A Young Woman as Pomona, n.d.
Adriaen van de Velde (Dutch, 1636–1672)
Black and white chalks on cream laid paper prepared with tan, 16 11/16 x 11 5/8 in. Crocker Art Museum, E. B. Crocker Collection, 1871.186.

A contemporary of Philips Wouwerman, who may have influenced his art, Adriaen van de Velde was trained as a landscapist under Jan Wynants. Both his father and brother were painters who specialized in marine scenes. His progress in Wynants’s studio soon led the elder artist to hire him to furnish figures for his landscapes. Because of changes in his style and subject matter, it is thought that van de Velde may have traveled to Italy in the early 1650s, though this trip is undocumented. The greater part of his career was spent in Amsterdam where, though he received a few commissions for religious subjects, he concentrated on landscape painting.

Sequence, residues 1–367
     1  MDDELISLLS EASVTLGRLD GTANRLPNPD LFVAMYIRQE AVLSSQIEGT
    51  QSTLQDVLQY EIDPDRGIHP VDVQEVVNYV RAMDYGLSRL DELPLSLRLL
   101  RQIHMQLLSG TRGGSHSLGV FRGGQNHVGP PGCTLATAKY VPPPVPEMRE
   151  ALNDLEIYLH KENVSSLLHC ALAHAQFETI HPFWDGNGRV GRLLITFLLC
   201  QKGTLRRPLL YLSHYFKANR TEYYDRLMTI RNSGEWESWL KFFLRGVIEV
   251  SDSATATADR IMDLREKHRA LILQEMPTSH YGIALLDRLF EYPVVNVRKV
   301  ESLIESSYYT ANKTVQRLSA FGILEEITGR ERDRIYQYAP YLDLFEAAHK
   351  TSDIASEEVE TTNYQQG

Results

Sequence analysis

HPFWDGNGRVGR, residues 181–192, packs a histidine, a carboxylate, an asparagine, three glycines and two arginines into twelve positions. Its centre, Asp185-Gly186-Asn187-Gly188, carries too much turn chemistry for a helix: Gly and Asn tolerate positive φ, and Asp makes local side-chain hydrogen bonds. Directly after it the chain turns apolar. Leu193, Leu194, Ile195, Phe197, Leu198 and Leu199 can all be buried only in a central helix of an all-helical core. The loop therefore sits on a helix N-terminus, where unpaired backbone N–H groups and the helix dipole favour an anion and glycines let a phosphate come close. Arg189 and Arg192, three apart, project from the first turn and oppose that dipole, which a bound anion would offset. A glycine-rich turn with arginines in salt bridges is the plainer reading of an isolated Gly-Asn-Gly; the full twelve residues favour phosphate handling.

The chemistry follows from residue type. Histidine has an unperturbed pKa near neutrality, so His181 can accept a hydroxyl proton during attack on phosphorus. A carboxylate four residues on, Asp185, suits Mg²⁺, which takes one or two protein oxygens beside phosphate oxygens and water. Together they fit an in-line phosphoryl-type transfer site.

A large number of van de Velde’s surviving drawings are of the human figure, often drawn directly from the model, and may have formed a repertory of figure types and poses that he could draw upon. This drawing represents a young woman in the guise of the headstrong agricultural goddess Pomona, a figure van de Velde used in the painting of Vertumnus and Pomona now in Vienna. In the myth, Vertumnus, god of the seasons, disguises himself as an old woman to gain the confidence of the untameable goddess, whom he then seduces. Their union results in the orderly progression from sowing to harvest. In the drawing, the goddess does not reflect the same idealization as in the painting. Rather, she is a goddess at the same time as being a handsome young Dutch woman posing with a garden knife.

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